About five years ago, I designed my own business cards. On the front, they had my contact info and a stamp of my name in Mandarin Chinese that I'd gotten in Xi'An. On the back, there was a QR code containing a vCard of everything on the front, which was supposed to show people that I was way ahead of my time (this was, in fact, so far ahead of its time that nobody was ever able to scan one of the stupid things until last year).
Anyway, of the 500 or so cards I had printed, I probably still have 450 of them sitting on a shelf at home. Partly this is because I wasn't nearly as big on actual networking as I was on having a cool business card, but it's also a function of where the world is going: nobody keeps a rolodex full of cards anymore, and our address "books" live behind a touchscreen or on an Exchange server. And while I may have been a bit hasty in adopting them, these days QR codes and digital tags are everywhere. Machine-readable data has invaded the everyday world.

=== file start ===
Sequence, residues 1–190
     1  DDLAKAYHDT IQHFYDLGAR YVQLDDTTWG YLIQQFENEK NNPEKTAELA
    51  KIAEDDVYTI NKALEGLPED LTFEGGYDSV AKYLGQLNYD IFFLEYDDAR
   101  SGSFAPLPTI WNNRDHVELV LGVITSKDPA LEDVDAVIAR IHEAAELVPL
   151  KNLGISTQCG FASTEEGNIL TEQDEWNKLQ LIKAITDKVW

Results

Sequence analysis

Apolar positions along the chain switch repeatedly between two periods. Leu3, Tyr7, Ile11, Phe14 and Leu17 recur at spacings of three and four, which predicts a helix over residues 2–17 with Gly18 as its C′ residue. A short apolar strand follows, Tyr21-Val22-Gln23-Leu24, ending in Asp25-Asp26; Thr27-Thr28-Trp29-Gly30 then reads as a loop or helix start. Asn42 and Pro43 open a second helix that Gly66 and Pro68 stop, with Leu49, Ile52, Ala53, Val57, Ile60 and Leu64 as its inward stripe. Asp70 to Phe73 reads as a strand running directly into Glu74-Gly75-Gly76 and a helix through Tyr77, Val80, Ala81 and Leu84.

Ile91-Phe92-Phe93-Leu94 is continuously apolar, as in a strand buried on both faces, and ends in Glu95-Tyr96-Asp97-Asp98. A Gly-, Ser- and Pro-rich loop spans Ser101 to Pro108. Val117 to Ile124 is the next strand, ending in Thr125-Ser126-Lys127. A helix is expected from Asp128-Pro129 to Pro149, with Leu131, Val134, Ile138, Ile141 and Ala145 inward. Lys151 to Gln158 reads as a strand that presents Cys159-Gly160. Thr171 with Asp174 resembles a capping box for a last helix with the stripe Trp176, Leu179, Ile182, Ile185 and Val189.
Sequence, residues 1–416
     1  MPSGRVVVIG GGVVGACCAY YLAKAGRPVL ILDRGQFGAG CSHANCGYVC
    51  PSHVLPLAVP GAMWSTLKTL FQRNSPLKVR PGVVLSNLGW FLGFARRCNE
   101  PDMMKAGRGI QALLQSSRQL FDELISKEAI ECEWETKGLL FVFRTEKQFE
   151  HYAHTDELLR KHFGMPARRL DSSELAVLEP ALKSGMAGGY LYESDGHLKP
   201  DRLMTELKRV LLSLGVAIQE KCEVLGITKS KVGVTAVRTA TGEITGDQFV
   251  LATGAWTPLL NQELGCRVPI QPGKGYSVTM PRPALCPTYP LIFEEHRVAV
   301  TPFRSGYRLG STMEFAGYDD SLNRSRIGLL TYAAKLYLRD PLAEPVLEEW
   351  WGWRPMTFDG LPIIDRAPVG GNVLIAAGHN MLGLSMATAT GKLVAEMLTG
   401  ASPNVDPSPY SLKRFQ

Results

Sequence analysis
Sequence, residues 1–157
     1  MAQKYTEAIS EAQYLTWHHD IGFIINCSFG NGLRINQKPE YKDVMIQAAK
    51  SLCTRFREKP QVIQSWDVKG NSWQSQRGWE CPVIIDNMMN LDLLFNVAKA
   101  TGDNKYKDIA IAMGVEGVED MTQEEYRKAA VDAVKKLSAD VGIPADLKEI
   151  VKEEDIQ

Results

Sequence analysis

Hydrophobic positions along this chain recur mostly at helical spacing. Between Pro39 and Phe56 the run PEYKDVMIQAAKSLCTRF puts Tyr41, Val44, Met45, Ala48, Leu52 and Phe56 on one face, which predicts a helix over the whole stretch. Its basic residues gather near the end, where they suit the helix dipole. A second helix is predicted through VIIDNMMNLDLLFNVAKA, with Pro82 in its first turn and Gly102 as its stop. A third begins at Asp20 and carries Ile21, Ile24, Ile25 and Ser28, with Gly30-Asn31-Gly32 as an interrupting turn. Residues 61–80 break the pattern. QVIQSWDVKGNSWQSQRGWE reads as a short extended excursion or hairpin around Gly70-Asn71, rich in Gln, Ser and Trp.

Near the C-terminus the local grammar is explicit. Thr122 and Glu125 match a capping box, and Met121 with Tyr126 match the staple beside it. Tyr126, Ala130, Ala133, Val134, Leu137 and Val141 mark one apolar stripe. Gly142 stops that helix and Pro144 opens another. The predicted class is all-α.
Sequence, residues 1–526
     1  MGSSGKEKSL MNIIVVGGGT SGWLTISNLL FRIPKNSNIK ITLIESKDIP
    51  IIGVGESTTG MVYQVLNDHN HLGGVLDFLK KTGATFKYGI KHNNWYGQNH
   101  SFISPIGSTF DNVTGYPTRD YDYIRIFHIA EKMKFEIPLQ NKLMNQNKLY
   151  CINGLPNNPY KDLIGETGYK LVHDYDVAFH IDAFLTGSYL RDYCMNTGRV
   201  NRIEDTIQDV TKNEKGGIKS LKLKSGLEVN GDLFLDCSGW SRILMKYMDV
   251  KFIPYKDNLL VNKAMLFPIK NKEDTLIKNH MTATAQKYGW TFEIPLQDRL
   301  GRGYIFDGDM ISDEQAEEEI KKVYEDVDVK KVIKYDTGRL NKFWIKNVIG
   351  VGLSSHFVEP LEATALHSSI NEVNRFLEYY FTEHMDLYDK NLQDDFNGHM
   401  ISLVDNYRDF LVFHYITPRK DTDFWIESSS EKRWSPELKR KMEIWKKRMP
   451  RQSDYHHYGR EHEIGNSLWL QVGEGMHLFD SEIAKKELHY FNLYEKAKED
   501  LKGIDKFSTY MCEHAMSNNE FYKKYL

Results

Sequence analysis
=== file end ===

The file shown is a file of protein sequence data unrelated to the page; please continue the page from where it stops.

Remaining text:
So this year, I'm taking an admittedly small risk and calling it: now is the time to ditch physical business cards. It'll save paper and money, reduce clutter and littering at conferences, and best of all, it'll genuinely put you on the cutting edge of digital networking.
Now you may be saying to yourself, sure, Thomas can do this: he's a bona fide misanthrope, but how can regular people get away with it? Good question. Here's a few easy strategies for going cardless:
In a few years, this'll all probably seem like old hat. That's why it's important to jump on the card-less trend now, so we can look down our noses at the luddites handing out paper slips (and manually copying them into their computers) while we still can.
I kid, of course. Seriously, though: set aside the snobbery, the savings in money and paper, the confetti of unwanted cards after a professional meetup, and the chance to demonstrate your new media credentials. Won't it feel good just to not have to carry around a stack of disposable business cards wherever you go? I feel lighter already.